Thanks to an influx of northward migrants early in the nineteenth century – including the family of Abraham Lincoln, who lived for fourteen years near the present-day village of Santa Claus before moving to Illinois – much of INDIANA bears the influence of the easy-going South. Unlike the abolitionist Lincolns, many former Southerners brought slaves to this new territory, and thousands rioted against being drafted into the Union army when the Civil War broke out. However, massive industrialization throughout the northwest corner of the state since the late nineteenth century firmly integrated Indiana into the regional economy. On a national level, this sports-happy state is best known these days for automobile racing and high school basketball.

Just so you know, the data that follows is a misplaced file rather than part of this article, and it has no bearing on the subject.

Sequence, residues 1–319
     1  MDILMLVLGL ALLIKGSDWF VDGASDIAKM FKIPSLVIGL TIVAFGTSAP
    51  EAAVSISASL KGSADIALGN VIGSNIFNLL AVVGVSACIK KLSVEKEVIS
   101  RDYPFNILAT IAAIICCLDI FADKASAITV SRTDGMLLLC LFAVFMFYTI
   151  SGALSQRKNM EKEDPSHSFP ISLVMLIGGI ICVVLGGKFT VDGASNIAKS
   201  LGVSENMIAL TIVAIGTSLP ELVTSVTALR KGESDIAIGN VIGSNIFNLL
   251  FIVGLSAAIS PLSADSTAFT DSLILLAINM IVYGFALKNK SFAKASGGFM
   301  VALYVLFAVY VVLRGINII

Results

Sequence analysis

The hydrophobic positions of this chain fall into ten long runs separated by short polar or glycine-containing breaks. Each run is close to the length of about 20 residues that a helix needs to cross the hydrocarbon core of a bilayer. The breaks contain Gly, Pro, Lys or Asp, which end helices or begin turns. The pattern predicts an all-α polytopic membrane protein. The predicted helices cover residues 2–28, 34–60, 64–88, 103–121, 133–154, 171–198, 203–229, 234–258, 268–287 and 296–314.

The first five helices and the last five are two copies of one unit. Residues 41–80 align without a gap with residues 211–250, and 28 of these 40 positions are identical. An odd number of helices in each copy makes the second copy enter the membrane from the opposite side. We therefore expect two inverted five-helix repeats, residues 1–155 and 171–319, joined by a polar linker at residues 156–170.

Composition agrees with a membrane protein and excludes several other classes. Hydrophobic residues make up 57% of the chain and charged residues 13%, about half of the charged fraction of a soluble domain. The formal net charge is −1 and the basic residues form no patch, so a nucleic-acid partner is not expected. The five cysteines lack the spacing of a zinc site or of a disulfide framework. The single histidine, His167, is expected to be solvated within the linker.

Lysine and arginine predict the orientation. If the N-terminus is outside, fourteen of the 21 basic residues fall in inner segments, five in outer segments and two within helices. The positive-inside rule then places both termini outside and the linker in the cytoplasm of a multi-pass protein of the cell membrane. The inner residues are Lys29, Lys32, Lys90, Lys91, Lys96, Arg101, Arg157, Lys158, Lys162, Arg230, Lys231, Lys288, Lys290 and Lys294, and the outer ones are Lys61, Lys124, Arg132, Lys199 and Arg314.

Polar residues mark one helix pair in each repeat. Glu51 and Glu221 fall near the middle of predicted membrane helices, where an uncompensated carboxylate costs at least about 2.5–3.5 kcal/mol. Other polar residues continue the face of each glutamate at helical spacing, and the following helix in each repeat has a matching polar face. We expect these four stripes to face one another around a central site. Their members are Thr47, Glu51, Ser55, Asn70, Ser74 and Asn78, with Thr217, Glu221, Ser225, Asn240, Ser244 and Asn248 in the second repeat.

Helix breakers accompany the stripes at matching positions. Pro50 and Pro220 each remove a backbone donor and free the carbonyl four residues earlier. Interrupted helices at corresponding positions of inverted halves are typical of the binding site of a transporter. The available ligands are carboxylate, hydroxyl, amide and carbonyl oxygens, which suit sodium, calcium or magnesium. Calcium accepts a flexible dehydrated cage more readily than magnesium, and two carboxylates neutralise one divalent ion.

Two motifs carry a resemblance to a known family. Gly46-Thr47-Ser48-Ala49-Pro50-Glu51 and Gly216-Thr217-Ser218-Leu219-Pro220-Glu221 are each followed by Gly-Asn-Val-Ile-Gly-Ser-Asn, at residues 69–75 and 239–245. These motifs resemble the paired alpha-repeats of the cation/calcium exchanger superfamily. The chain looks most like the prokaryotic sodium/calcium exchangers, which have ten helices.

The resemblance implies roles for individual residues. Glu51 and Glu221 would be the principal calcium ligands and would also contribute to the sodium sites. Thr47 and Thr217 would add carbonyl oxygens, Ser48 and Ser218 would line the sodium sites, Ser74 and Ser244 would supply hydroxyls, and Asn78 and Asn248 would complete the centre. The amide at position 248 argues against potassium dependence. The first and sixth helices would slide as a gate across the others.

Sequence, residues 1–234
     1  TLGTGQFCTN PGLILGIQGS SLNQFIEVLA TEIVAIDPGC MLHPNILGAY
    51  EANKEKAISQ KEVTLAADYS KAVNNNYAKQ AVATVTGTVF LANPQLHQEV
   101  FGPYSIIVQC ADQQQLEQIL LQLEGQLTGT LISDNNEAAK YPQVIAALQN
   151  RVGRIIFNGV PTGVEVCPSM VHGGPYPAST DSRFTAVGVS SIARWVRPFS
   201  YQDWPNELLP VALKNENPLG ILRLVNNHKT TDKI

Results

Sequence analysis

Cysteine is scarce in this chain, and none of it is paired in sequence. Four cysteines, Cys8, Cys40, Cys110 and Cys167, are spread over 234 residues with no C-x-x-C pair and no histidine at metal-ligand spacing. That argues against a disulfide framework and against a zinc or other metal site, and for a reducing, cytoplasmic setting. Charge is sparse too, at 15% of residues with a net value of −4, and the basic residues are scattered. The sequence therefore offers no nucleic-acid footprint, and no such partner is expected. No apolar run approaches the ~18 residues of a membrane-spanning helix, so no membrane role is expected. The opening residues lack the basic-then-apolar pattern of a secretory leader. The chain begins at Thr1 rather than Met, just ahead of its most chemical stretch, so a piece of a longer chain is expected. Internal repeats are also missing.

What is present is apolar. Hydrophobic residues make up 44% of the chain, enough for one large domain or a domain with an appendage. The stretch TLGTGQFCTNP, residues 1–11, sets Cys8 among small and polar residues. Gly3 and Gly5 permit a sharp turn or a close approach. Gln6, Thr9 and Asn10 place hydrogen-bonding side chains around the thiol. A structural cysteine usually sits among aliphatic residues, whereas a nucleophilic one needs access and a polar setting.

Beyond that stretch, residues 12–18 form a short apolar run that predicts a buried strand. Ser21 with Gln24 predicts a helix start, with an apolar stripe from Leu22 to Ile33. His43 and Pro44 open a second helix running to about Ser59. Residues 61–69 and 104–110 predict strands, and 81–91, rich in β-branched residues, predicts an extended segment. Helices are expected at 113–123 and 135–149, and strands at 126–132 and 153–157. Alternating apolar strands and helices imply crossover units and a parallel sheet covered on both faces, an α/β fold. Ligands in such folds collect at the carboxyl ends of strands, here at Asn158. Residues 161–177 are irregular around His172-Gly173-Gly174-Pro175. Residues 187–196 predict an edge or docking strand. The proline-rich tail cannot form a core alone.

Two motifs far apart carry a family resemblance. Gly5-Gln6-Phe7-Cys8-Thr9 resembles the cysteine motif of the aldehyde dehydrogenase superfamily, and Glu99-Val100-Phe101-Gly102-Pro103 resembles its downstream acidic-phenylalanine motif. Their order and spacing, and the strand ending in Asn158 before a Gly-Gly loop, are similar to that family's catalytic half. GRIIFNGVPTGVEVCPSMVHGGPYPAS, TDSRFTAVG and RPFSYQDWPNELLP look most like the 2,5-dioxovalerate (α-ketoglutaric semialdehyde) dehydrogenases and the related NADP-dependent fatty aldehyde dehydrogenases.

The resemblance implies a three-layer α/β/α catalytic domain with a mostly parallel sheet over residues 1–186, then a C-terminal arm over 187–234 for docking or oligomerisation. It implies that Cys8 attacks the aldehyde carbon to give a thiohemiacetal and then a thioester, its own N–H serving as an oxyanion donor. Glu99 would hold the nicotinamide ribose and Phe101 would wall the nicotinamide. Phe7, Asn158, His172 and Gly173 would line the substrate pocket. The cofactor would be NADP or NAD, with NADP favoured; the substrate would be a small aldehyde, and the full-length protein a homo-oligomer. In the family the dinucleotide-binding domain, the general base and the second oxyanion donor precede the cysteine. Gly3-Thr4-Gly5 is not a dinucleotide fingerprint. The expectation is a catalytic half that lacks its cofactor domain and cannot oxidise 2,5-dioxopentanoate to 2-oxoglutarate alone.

Despite some beautiful dunes and beaches, the most lasting memories provided by Indiana’s fifty-mile lakeshore (by far the shortest of the Great Lakes states) are of the grimy steel mills and poverty-stricken neighbourhoods of towns like Gary and East Chicago. In northern Indiana, the area in and around Elkhart and Goshen contains one of the nation’s largest Amish settlements. The central plains are characterized by small market towns, except for the sprawling capital, Indianapolis, which makes a nice enough stopover. Bloomington, the home of Indiana University (and its perennial standout college basketball team), is the state’s premier college town. Hilly southern Indiana, at its most appealing in the autumn, is a welcome contrast to the central cornbelt, boasting several quaint towns such as Jasper, while thriving Columbus exhibits a great array of contemporary architecture for such a small city.